The Community Voice has teamed up with a local resident to learn more about how a food allergy caused from a tick bite is affecting people in the community.
Voice Assistant Editor Anna Buckman provided in-depth cover about alpha-gal in November 2019. Since then, the Voice has received comments from numerous local residents whose lives have been altered because of the allergy.
Alpha-gal syndrome is a red meat allergy that affects some people who are bitten by a Lone Star tick. While symptoms vary, victims usually must avoid eating mammal products such as beef and pork and often cannot consume any dairy products.
Exposure can cause a person to go into anaphylactic shock and be life-threatening.
Not eating mammal products is only part of the affect, however. Many products, from shampoos and makeup to gel capsules, contain byproducts from mammals and those products can also cause allergic reactions.
In addition, some sufferers have allergic reactions from the smell of meat cooking.
Shannon Sexton, owner of Stateline Steel, was recently diagnosed with alpha-gal. When she was told by a medical professional that she tested positive, she was simply told, “Don’t eat anything from a hoofed animal.” She researched the allergy herself and discovered that she should carry an epinephrine auto-injector (EpiPen).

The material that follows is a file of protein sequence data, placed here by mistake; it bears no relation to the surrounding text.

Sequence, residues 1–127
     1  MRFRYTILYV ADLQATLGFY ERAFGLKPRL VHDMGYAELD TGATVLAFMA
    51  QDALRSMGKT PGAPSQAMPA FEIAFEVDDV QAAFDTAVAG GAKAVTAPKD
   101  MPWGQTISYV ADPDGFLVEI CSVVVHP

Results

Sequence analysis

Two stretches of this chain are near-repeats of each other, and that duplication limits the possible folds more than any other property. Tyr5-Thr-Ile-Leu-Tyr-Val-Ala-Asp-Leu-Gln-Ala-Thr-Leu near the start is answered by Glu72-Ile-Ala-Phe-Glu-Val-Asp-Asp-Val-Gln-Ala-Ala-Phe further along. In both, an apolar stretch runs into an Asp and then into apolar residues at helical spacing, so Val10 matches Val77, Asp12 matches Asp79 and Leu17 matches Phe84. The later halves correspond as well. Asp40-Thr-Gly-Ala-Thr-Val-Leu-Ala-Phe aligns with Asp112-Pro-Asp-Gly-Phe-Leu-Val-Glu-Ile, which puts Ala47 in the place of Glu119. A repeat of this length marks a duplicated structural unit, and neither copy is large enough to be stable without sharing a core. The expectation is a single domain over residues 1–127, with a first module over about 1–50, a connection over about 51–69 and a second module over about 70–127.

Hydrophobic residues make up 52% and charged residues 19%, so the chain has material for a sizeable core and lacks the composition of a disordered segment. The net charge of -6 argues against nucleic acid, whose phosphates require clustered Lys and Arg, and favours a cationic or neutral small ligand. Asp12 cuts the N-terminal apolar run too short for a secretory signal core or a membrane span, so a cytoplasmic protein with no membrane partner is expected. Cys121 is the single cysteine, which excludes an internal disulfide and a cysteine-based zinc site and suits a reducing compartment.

“While trying to navigate this overwhelming diagnosis, I realized just how little is known about alpha-gal and how many people actually have it,” Sexton said. “While no two victims have the same reactions or symptoms, we all struggle daily trying to find some sense of normalcy. What does not affect us today, could cause us to have anaphylaxis tomorrow.”
Sexton said she wants to reach out to others who are suffering from this allergy and developed a survey to learn more about how people are being affected and how they can be helped.
“My goal is to show the need for more education about alpha-gal in the medical community, reach out to legislators in hopes of creating education and prevention programs, help guide local restaurants on offering alpha-gal friendly food and creating a local support group where we can share information, products and recipes,” Sexton said.
The survey includes 10 questions and can be found online at surveymonkey.com/r/VJG6NH8.